B. Prevailing Market Rate

To determine the prevailing market rate, the court will consider the following Johnson factors: customary fee; skill required to perform the legal services properly; the experience, reputation and ability of the attorneys; time limitations; preclusion of other employment; undesirability of the case; nature and length of professional relationship with the clients; and awards in similar cases.

Customary Fee. The plaintiffs contend that fees of $100 per hour for Turner, $85 per hour for Bass, and $120 per hour for Menefee would comport with the customary fees for attorneys of similar experience in this community. The evidence shows that in the Montgomery area, attorneys with approximately the same experience as Turner and Menefee charge hourly fees between $75 and $150, and attorneys with approximately the same experience as Bass charge in the neighborhood of $85.

Skill Required to Perform the Legal Services Properly. The work product of plaintiff's attorneys demonstrates a high degree of skill in complex civil rights litigation.

Experience, Reputation, and Ability of the Attorneys. Turner has been practicing for over ten years, Bass has been practicing for over five years, and Menefee has been practicing for fifteen years. Each enjoys a well-deserved reputation for civil rights advocacy of the highest order.

Time Limitations. This factor requires "some premium" where there has been "[p]riority work that delays the lawyer's other legal work." Johnson, 488 F.2d at 718. There is no evidence of such limitations here.

*872 Preclusion of Other Employment. This factor "involves the dual consideration of otherwise available business which is foreclosed because of conflicts of interest which occur from the representation, and the fact that once the employment is undertaken the attorney is not free to use the time spent on the client's behalf for other purposes." Johnson, 488 F.2d at 718. There is no significant evidence of such preclusion here.

Undesirability of the Case. In general, civil rights litigation is seen as undesirable because it stigmatizes an attorney as a "civil rights lawyer" and thus tends to deter fee-paying clients from seeking assistance from that lawyer. See York v. Alabama State Bd. of Education, 631 F. Supp. 78, 85 (M.D.Ala.1986). This particular case could be seen as especially undesirable because of the various difficulties that may arise in working with a mentally unstable client and also because Birl is hardly the kind of client who may be in a position to generate new fee-paying work in the future for these attorneys.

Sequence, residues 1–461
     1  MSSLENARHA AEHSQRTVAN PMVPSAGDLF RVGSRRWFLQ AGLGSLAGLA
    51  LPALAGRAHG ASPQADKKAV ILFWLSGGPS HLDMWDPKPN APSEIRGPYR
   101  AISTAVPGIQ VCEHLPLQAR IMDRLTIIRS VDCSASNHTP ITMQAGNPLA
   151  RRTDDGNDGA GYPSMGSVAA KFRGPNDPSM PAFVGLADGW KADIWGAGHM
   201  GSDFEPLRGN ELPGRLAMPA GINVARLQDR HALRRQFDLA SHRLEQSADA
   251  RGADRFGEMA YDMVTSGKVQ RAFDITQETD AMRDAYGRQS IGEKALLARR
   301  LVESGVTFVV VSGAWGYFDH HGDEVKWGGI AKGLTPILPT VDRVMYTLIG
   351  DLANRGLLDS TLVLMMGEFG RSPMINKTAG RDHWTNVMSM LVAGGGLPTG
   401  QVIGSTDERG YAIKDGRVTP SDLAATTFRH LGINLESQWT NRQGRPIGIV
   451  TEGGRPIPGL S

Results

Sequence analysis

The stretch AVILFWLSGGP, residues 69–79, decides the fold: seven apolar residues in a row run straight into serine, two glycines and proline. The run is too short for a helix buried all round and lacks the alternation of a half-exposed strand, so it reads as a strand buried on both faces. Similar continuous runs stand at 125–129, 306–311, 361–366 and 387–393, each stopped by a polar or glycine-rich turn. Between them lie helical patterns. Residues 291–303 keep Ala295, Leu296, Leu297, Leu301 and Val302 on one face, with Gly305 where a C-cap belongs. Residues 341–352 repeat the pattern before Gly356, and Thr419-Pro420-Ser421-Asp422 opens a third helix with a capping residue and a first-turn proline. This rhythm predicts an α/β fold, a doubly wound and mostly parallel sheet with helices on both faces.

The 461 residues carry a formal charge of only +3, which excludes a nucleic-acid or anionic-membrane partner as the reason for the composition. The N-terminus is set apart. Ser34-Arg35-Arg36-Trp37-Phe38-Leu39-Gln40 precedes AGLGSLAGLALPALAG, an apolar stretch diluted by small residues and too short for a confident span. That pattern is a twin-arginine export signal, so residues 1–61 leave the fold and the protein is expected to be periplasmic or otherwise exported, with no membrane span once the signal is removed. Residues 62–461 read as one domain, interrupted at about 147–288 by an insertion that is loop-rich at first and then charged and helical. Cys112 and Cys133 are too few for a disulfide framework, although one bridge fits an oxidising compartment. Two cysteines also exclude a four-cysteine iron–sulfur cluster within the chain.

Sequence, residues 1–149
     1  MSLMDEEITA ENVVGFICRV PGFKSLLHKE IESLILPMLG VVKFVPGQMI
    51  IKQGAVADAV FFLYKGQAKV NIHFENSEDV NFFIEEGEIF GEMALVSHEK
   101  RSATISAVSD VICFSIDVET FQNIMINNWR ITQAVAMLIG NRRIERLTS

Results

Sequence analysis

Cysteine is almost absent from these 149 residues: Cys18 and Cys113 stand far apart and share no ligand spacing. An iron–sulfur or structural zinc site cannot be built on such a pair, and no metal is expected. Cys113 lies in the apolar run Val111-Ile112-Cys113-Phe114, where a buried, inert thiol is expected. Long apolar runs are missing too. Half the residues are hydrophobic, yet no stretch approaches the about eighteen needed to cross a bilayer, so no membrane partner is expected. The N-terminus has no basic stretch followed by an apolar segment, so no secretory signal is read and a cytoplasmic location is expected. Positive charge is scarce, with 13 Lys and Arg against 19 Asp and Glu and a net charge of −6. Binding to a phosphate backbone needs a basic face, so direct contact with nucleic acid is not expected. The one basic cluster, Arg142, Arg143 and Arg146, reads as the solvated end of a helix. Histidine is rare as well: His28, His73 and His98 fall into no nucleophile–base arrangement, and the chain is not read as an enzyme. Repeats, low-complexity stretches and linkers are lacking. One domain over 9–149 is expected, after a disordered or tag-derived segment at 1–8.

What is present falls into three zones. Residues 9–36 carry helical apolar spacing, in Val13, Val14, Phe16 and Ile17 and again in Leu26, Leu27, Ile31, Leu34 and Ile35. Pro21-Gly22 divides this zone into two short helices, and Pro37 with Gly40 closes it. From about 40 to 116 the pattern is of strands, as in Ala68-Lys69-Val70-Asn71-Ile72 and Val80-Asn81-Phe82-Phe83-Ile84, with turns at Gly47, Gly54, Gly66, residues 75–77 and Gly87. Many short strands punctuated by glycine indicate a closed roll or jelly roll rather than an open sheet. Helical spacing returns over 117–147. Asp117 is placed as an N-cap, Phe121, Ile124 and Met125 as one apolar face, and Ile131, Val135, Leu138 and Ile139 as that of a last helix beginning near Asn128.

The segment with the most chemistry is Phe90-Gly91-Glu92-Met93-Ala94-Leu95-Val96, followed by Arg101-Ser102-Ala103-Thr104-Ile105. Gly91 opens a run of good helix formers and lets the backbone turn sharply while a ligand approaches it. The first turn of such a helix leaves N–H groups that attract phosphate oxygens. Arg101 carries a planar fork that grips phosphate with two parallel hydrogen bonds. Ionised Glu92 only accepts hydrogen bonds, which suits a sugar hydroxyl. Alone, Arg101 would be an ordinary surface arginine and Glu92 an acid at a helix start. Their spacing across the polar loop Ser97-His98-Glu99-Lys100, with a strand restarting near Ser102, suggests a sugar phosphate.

Nature and Length of Relationship with Clients. Bass represented Birl since the litigation began until approximately July 1984; Turner has represented Birl since approximately April 1984.

Awards in Similar Cases. This court has awarded fees in the range of $100 per hour in other civil rights cases. See, e.g., York v. Alabama State Board of Education, supra; Zakrzewski v. Alabama State Council, No. 85-T-512-N (M.D.Ala. April 28, 1986) [Available on WESTLAW, DCTU database].

Based on these criteria, the court is of the opinion that the following hourly fees for plaintiff's counsel reasonably reflect the prevailing market rate for non-contingent work performed by attorneys of similar experience in similar cases:

Turner ............    $100/hour
Bass ..............    $ 85/hour
Menefee ...........    $120/hour
C. Lodestar Calculation

The unadjusted lodestar figure for each attorney consists of the product of the attorney's compensable time times his or her prevailing market fee. The lodestar figures for each of the attorneys is as follows:

Attorney     Hours     Rate       Total
Turner       254.26    $100     $25,426.00
Bass         167.68      85      14,252.80
Menefee        9.80     120       1,176.00
D. Adjustment

Birl's attorneys seek a 50% upward adjustment of the lodestar figures. For the reasons stated below, the court concludes that such an adjustment is proper for Turner and Bass but not for Menefee.

Although the Supreme Court has deferred ruling on whether "the risk of not being a prevailing party ... and therefore not being entitled to attorney's fees from one's adversary, may ever justify an upward fee adjustment," Blum 465 U.S. at 901 n. 17, 104 S. Ct. at 1550 n. 17, "[i]t is well established in [the Eleventh Circuit] ... that a contingency fee arrangement may justify an increase in an award of attorney's fees." Jones v. Central Soya Co., Inc., 748 F.2d at 591; see also Blum, 465 U.S. at 900, 104 S. Ct. at 1550 (Brennan, J., concurring) ("Congress has clearly indicated that the risk of not prevailing ... is a proper basis on which a district court may award an upward adjustment to an otherwise compensatory fee"). The purpose of an upward adjustment based on contingency is to place civil rights attorneys, whose payment is contingent upon success, in the same position as other attorneys. "Lawyers who are to be compensated only in the event of victory expect and are entitled to be paid more when successful than those who are assured of compensation regardless of result." Jones v. Diamond, 636 F.2d 1364, 1382 (5th Cir.1981) (en banc). This "risk premium" is "intended to encourage competent counsel to take on possibly undesirable cases by providing for adequate compensation for their successful efforts." Jones v. Central Soya Co., Inc., 748 F.2d at 593. See also Yates v. Mobile *873 County Personnel Bd., 719 F.2d 1530 (11th Cir.1983).